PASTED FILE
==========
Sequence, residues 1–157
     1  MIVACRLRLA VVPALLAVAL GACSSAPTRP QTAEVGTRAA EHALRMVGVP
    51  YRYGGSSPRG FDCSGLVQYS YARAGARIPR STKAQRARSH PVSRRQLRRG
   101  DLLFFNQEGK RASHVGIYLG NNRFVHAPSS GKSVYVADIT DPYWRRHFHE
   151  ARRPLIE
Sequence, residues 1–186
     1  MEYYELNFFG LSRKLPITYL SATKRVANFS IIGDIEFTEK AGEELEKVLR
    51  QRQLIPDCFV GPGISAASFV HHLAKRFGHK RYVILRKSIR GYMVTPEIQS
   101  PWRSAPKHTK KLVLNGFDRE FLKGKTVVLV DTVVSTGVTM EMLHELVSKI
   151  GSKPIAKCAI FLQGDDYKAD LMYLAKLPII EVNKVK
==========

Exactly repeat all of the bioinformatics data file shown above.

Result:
Sequence, residues 1–157
     1  MIVACRLRLA VVPALLAVAL GACSSAPTRP QTAEVGTRAA EHALRMVGVP
    51  YRYGGSSPRG FDCSGLVQYS YARAGARIPR STKAQRARSH PVSRRQLRRG
   101  DLLFFNQEGK RASHVGIYLG NNRFVHAPSS GKSVYVADIT DPYWRRHFHE
   151  ARRPLIE
Sequence, residues 1–186
     1  MEYYELNFFG LSRKLPITYL SATKRVANFS IIGDIEFTEK AGEELEKVLR
    51  QRQLIPDCFV GPGISAASFV HHLAKRFGHK RYVILRKSIR GYMVTPEIQS
   101  PWRSAPKHTK KLVLNGFDRE FLKGKTVVLV DTVVSTGVTM EMLHELVSKI
   151  GSKPIAKCAI FLQGDDYKAD LMYLAKLPII EVNKVK